The waste water from your fish tank can help you grow your own vegetables. Learn how to do it at this weekend workshop. #WorkshopAlert
If you’re aware of how contaminated our fruits and vegetables are, there couldn’t be a better time to do something about what goes on your plate. Thanks to the chemical fertilisers and pesticides that are used uninhibitedly to mass-produce what we cook in our kitchens, our bodies are pumped full of toxins. That’s where Moumita Mukherjee comes in, the proprietor of GreenAqua, a company dedicated to teaching people the methods of natural farming – such as Aquaponics – to help them grow their own food.
Mukherjee, 41, has been practicing sustainable farming and conducting workshops for 3 years now, but got her company registered only 6 months ago. “I left my high-paying job as an MBA in the Marketing & IT industry, because I felt I needed to give back to the society,” she says.
She also mentions how important it is today for city-dwellers and urban farmers to have some basic knowledge about these new methods of growing food. “Whether it’s for a large-scale commercial purpose, or to try at home, aquaponics is a great way to boost farming and gardening practices,” Mukherjee states.
When we asked her what exactly aquaponics is, she said it’s a scientific method of farming where they mimic the nitrogen cycle between the fish, plants and the bacteria present in the natural ecosystem. “We basically raise fish in a water tank, and then use that water (which has waste and excretions produced by the farmed fish) to water the plants. The plants derive the nutrients from that waste, which is an all-natural way as opposed to loading them with chemicals to help them grow,” shares Mukherjee, an M.Sc in Zoology.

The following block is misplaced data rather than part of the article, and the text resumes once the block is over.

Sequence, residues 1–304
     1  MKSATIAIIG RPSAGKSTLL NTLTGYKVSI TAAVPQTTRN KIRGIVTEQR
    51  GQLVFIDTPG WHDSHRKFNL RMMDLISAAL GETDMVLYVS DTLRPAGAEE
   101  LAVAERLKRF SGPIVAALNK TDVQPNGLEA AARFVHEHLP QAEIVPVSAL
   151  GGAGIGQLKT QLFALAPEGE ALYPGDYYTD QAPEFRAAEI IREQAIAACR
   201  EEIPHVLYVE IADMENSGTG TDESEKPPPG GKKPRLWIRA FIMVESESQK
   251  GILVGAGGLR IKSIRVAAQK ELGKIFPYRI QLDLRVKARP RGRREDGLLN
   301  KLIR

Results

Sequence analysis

So, is it possible to practice aquaponics at home, we ask. “Of course, it is. If you have an aquarium at home, instead of throwing out the water, you can actually use it for watering your plants. It’s great organic manure for the plants. Whether it’s a balcony garden, a terrace garden, a window-garden, or a vertical garden, the water is nutrient-dense and can help grow leafy vegetables like spinach, lettuce, methi, many herbs and microgreens like a dream.”
The 6-hour workshop slated for 16 February in Pune will focus on stuff like the basics of sustainable farming, fundamentals of aquaponics and hydroponics, vertical and urban farming, checking the water quality and pH maintenance, judging the nutrients – with focus on parameters like nitrite and nitrate balance, system design and management and natural disease management.
It’s especially a great place for beginners to start. Alongside theoretical know-how, the participants of the workshop will also be taken to a demo-farm for the practicals. The participants will be given a demo on many different kinds of aquaponics farming, so that they can use that knowledge according to their suitability and needs.
The workshop is a great way to use your Sunday in learning something fun and productive. Mukherjee is dedicating all her time fully to this mission, after spending 13 long years in the corporate world. She says she couldn’t stress enough on eating clean and green, and can only hope to inspire people to join her on her journey of making sustainable and natural farming a part of our daily lives.
(Edited by Saiqua Sultan)